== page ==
With a talented core back, Lake City boys basketball coach Jim Winger wanted to challenge his team as much as possible this season.
It started with the schedule.
Lake City didn’t play a nonleague game in Idaho. The Timberwolves took trips to Wenatchee, Kalispell, Mont., and Clarkston, not to mention the usual league game in Lewiston.
Winger wanted his team to deal with the adversity of travel and playing in different environments. LC also played Washington 3A state-bound University and Garfield of Seattle, which will be favored in the Washington 4A state tournament this week.
The result is fifth-ranked LC takes a 17-5 record to the 5A state tournament beginning Thursday in Nampa. The Timberwolves open against District III runner-up and second-ranked Rocky Mountain (19-4) of Meridian. Tip off is at 12:15 PST and can be seen on a live stream on Idahosports.com.
Post Falls (11-13), which played in the state final last year, earned a berth via a play-in game. The Trojans open against third-ranked Mountain View (18-5) at 7.
No. 1-ranked and defending state champ Borah (22-1) is favored.
“Basketball is like the stock market,” Winger said. “It’s four months. There are highs and there are lows. You just try to make sure your lows are limited and you build on the highs. Right now we’re on a pretty good high.”
LC is playing its best ball at the right time.
It’s the first time LC is heading to state with a legitimate chance to capture the state championship since 2001-02 when the Timberwolves finished second. That team ranks as Winger’s best.
This year’s team is easily his second-best team.
“That’s fair to say,” Winger said. “We’ve made a lot of trips to state over the years. A lot of those teams should have been there, but they were overachievers and small teams. This team has size and we’re pretty balanced with our scoring.”
Winger would love to bottle up the way LC has played the last three games and take it to state.
“We’ve dominated the last three games,” he said. “This is a very, very solid team offensively and defensively. We’re better than I thought we’d be.”
A big part of LC’s success has been its two senior starters, Riley Moreen and Drew Hocking.
The 6-foot-6 Moreen, a two-year starter and four-year letterman, is making his second trip to state. He sat on the bench as a freshman the last time LC qualified.
He’s averaging 10.6 points, five rebounds and two assists per game.
“He’s become a leader,” Winger said. “He’s transformed into a good player. He’s kicked it up a notch or two. The big thing, though, is he’s been a verbal leader. That’s been a huge part down the stretch.”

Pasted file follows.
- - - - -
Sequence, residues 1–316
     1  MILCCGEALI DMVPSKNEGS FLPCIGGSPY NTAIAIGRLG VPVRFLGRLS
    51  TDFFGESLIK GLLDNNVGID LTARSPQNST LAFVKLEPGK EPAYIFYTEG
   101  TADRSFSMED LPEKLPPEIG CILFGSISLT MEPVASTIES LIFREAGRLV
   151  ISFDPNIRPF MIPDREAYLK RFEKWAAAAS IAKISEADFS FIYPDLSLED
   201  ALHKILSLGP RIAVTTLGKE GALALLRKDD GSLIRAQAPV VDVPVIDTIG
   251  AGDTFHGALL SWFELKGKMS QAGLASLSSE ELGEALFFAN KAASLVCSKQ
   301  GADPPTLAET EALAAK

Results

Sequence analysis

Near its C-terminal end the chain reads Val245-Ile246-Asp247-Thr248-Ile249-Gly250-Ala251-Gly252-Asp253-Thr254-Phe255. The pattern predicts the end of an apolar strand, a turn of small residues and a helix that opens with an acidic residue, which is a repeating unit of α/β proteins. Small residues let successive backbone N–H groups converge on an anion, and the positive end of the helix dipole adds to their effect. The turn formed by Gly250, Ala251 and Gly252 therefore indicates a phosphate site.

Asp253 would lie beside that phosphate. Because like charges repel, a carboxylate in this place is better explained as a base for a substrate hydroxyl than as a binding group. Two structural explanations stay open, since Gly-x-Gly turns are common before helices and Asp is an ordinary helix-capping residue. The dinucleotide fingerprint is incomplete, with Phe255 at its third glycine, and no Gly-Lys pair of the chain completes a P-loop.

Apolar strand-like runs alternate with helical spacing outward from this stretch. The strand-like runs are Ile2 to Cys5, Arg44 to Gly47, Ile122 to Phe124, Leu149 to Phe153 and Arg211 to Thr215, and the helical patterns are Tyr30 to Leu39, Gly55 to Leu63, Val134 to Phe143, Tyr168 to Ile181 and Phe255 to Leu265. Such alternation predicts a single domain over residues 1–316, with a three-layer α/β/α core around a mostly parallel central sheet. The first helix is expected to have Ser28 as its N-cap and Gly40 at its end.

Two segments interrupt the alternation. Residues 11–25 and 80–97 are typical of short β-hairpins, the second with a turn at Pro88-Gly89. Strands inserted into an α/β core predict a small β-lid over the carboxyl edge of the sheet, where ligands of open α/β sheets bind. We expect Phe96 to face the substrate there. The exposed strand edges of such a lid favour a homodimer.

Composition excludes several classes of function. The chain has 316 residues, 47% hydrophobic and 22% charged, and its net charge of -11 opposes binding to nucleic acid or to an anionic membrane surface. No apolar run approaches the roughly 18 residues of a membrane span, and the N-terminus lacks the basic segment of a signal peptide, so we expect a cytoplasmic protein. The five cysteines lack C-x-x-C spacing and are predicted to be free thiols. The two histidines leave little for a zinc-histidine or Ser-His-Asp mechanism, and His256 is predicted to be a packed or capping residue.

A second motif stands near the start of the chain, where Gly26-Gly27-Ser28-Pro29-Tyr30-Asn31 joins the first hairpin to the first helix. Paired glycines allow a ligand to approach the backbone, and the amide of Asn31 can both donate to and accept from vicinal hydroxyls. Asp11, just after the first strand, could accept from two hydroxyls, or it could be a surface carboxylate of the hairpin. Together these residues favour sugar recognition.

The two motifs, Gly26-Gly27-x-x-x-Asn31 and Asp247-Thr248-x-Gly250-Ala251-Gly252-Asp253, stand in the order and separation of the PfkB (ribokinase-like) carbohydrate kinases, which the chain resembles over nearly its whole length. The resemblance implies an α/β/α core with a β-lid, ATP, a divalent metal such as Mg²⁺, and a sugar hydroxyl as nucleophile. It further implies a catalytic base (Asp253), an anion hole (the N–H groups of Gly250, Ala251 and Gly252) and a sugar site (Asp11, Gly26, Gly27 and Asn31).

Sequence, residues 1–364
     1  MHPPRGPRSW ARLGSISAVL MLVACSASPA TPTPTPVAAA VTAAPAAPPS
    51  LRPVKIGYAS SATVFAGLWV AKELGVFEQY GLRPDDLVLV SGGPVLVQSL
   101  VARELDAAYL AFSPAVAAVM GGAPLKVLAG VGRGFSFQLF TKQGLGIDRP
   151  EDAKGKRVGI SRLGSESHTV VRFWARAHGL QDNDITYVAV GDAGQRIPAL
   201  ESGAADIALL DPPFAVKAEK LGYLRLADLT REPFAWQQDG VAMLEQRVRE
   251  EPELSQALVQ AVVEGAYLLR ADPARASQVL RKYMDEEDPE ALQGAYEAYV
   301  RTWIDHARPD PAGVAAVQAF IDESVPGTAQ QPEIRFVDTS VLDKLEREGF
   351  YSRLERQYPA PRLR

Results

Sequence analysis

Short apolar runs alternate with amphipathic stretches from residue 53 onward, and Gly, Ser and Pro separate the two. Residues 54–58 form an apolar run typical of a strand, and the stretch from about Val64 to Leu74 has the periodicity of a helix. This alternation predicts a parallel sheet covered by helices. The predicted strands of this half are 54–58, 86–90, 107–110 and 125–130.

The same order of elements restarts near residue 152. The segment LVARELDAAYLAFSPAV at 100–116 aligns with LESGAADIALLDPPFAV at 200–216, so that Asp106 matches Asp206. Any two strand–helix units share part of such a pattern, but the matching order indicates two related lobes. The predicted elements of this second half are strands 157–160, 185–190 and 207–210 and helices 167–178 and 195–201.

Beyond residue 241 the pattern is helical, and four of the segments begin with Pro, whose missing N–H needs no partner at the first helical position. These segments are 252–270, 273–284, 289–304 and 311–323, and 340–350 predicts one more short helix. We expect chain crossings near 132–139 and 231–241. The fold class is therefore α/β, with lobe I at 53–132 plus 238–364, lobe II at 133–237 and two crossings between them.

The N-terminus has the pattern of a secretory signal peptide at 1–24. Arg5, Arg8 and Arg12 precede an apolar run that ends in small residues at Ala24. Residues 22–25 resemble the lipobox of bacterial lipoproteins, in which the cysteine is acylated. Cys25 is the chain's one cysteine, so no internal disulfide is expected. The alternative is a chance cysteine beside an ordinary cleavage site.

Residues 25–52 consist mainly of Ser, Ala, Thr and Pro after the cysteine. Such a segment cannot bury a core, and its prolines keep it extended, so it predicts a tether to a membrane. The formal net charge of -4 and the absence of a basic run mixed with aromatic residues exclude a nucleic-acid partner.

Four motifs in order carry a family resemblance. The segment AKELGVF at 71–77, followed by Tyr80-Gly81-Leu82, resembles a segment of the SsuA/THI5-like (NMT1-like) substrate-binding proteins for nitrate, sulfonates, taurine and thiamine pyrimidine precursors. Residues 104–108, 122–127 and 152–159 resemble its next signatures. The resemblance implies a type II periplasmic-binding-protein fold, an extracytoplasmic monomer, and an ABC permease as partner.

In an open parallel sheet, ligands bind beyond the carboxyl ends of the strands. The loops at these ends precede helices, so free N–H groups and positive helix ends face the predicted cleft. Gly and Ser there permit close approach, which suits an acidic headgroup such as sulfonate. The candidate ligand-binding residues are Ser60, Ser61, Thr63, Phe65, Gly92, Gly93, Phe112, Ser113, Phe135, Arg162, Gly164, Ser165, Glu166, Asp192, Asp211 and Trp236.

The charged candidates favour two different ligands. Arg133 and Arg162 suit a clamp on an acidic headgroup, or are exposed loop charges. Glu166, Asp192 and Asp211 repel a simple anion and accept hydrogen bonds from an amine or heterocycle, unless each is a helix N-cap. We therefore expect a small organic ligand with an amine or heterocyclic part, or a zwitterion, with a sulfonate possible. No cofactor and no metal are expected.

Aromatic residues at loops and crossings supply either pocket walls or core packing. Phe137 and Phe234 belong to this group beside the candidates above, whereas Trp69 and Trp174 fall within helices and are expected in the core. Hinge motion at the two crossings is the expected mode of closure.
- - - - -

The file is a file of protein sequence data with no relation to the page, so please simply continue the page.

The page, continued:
Moreen said the T-Wolves had great expectations going into the season.
“Getting to state was among the expectations but that’s not everything,” he said. “I want to win a state title. There’s no reason we can’t do that. When we’re really clicking I don’t see anybody able to beat us.”
Moreen admits the season has had some ups and downs.
“The last three games we’ve really realized we need to play and can’t be messing around,” Moreen said. “We’ve all finally realized what we needed to do. All of us are playing well. I wouldn’t trade any of our kids for anybody. This team is so awesome it makes it so enjoyable.”
Moreen said the plan is simple at state.
“We need to rebound, that’s the first thing,” he said. “And we need to play hard. When we play hard the offense comes easy and the defense comes easy. If we do that we’ll do well.”
Hocking, a 6-2 wing, didn’t play with LC during summer ball. So when he showed up at tryouts and made the team, Winger thought he could be a good addition coming off the bench.
That lasted one game. Hocking, who averages 5.1 points and two rebounds, has started since the second game. He’s become a threat from 3-point range in recent games.
“I just wanted to make the team after not playing in the summer,” Hocking said. “Everything else has been a bonus.”
Winger has been more than pleased with Hocking.
“He’s played not only outstanding defense but offensively at times he’s been off the charts,” Winger said.
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